So, it's been several weeks now and I think I can safely discuss the whole thing without yelling and screaming too much. But a friend of mine recently got a rather crappy e-mail that basically let her know that the company that she's been educating for won't be needing her anymore.
Naturally, that's a whole story in and of itself and I personally thought the whole thing was pretty darn crappy on several different levels. But, in a nutshell, the reason given was that the company in question needed demonstrators/educators who were capable of doing "high-end" nail styles, i.e., stilettos.
And let's never mind that my friend does stilettos, and let's never mind a lot of other things about the situation that just lead to me hopping up and down and calling ducks ducks until I collapse in an exasperated heap on the floor in a near catatonic state just shaking my head at the total nonsense of how it all works. Let's just never mind a lot of things.
Let's talk about the BF's perspective, which happens to be insanely good this time:
Who is the company's customer? You and me, right? We're talking about a nail product manufacturer here; they exhibit at tradeshows in order to put their product directly in front of their prospective customers. Now, maybe the stiletto thing is hot and heavy in some geographical regions. And I know that several U.S. techs love them and have great success with the style being popular with their clientele. But, from my understanding, the popularity of this style in the U.S. market is still the minority.
And yeah, we're suckers for fancy nail styles and art that amaze us and show off what is possible with a product. I'm certainly not arguing that companies shouldn't want demonstrators who can demonstrate extreme styles.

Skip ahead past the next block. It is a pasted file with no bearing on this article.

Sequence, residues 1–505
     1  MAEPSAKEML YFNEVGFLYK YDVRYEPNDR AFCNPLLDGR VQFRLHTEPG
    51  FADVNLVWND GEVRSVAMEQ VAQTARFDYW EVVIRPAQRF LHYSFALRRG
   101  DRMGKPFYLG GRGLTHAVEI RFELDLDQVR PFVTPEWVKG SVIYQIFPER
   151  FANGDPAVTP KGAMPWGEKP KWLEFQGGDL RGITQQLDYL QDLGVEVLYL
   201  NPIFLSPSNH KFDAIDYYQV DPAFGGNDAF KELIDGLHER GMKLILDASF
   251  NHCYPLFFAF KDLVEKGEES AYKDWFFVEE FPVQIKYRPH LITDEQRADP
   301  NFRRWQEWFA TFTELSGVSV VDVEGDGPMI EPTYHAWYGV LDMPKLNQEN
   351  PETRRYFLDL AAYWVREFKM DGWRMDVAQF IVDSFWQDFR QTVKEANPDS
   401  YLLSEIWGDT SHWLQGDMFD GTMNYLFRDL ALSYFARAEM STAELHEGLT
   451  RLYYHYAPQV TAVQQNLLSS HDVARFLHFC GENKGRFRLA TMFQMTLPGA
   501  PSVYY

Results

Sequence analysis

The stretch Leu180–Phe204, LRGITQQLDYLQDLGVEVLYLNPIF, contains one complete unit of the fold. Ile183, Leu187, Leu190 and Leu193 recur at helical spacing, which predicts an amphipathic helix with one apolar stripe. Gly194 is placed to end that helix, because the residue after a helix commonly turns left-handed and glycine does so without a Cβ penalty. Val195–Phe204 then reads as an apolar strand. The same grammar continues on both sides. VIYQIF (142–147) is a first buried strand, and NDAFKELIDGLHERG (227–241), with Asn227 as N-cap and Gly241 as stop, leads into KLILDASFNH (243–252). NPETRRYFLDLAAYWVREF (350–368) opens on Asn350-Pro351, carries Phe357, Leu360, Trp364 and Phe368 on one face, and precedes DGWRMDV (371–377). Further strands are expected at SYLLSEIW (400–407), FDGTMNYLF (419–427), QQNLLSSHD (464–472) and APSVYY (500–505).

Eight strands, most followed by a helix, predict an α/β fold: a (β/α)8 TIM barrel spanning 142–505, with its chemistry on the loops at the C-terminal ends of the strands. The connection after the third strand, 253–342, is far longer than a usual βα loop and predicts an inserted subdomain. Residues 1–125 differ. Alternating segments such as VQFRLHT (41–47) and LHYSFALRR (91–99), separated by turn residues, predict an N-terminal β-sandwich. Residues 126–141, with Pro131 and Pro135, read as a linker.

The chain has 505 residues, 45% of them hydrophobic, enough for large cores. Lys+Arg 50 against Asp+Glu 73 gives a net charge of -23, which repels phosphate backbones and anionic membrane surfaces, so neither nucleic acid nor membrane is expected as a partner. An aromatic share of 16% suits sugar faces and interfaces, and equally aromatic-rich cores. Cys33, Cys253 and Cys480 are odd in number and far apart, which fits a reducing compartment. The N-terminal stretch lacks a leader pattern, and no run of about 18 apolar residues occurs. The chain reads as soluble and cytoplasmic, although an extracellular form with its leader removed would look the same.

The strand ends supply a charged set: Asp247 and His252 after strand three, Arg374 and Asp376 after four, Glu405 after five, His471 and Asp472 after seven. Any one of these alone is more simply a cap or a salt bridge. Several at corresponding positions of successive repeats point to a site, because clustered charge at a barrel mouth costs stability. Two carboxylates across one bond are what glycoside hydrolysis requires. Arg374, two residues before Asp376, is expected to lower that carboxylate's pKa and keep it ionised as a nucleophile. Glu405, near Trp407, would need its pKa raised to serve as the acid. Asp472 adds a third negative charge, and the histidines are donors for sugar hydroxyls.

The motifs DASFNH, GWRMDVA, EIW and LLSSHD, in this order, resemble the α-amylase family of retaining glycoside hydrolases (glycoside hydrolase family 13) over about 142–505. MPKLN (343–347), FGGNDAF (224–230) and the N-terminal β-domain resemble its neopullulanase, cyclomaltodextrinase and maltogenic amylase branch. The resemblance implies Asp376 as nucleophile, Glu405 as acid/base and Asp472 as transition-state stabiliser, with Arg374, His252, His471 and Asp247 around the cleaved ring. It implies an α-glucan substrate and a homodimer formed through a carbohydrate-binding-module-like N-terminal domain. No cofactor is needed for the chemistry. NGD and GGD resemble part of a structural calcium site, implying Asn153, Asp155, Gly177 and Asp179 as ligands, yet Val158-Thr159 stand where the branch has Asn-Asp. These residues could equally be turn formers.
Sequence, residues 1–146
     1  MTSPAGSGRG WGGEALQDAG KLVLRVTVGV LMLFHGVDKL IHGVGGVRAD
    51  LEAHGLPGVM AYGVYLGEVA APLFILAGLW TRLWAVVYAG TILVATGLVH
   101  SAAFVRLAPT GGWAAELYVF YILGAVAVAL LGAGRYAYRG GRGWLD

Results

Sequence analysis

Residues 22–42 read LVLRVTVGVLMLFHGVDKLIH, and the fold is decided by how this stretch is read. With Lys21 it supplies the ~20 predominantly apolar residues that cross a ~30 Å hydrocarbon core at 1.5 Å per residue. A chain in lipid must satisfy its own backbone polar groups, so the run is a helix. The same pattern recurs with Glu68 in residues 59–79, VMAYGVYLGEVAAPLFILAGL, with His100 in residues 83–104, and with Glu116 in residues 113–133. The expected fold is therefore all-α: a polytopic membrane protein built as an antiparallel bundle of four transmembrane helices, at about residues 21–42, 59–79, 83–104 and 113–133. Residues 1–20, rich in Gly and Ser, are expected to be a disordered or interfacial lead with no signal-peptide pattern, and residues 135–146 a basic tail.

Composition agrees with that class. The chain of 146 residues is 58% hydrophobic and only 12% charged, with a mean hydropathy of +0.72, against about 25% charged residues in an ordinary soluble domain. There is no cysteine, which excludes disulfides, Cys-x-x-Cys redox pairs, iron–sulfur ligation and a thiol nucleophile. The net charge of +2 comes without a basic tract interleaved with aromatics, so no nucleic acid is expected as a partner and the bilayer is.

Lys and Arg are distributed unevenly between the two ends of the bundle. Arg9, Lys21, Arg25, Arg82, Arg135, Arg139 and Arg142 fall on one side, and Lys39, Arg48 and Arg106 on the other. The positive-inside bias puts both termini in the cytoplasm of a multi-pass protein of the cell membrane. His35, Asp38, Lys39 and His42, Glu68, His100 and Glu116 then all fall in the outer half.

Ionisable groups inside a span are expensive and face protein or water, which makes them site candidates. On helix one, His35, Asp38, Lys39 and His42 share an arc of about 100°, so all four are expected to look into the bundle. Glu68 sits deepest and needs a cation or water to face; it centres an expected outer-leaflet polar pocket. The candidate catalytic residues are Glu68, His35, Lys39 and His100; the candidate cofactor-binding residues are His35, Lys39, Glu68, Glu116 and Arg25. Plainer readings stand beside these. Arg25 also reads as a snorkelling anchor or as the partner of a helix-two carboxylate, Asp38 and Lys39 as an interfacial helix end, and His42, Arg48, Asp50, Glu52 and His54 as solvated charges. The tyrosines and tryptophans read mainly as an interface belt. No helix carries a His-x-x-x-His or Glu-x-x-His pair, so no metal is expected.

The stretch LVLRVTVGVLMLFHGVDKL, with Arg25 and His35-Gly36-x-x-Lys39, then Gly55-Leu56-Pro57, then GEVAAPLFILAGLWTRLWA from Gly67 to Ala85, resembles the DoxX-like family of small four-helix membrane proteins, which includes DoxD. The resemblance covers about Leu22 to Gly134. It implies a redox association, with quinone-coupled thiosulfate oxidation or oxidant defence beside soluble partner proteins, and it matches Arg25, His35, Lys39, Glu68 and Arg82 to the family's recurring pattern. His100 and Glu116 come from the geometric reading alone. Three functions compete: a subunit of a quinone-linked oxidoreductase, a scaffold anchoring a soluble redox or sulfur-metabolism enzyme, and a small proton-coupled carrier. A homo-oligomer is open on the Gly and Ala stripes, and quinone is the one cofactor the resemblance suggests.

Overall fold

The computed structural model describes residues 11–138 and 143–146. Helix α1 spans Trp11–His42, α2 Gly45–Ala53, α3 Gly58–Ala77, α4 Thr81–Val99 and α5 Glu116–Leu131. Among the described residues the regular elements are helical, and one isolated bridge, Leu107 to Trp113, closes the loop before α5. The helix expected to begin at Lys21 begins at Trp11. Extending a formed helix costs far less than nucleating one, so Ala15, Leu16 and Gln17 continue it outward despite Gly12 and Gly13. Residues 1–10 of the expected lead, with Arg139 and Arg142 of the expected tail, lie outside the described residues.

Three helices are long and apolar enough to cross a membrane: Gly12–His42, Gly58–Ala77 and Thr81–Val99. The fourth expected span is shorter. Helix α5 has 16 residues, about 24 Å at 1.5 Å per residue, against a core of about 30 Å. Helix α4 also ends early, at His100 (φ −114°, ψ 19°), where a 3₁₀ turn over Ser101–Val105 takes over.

But I've walked the floors at the tradeshows. I've stood next to countless everyday, ordinary nail techs who work in the salon every day for a real living on real people who are not candidates for stilettos. Or any extreme nail style. I've heard these nail techs comment on the extreme nail styles worn by demonstrators and on the styles being demonstrated — and I've watched them walk on by to the booth where they find demonstrators who are demonstrating the styles that actually represent what those real people really wear.
These techs are sometimes intimidated by these "high-end" demonstrations. They feel that they are being shunned by manufacturers who cater to the competition crowd or the high-profile industry set. They don't feel they belong at those booths. Many of these techs simply know right from the get-go which side their bread is buttered on. They aren't going to spend hundreds of dollars on fancy products that they know they'll never use. They know their clients want pink-and-whites. Short ones, that don't get in the way of typing, changing diapers, or washing dishes.
Yes, I know. We all have a box full of fancy stuff we bought at the show that we hardly ever have a chance to use. And lots of us manage to use fancy things in ways that our clients want. It's not a hard and fast rule I'm talking about here. But the BF did bring up a good point: If you know your customer is going back to the salon to do nails that need to stand up to the horrible things that real clients really do to them, why would you insist on demonstrating techniques that your customers aren't going to use daily?
I think Ferraris are pretty too. But I drive a Nissan Sentra. And when I was shopping for it, I didn't waste any time in the Ferrari dealership oohing and aahing, I went to the Nissan dealership and bought the car I set out to get.
The Ferrari nail client represents a very small portion of the client market, and the Ferrari nail tech represents a small portion of the product market. It's all well and fine for manufacturers to want to show off what can be done with their products, but after the customer buys the product and gets back to the salon with it, you need educators who those customers can relate to, who spend their time in the salon doing nails the way the customer does.
I think my friend's former employer will find they've shot themselves in the foot over the long haul. And I'm seeing several manufacturers implementing similar thinking. The Ferrari market is small and there's already plenty of competition for it; isn't anyone left who wants to take care of the rest of us?
(Stiletto nails by Peggy Bartel, Nail Workz, Winnipeg, Manitoba, Canada)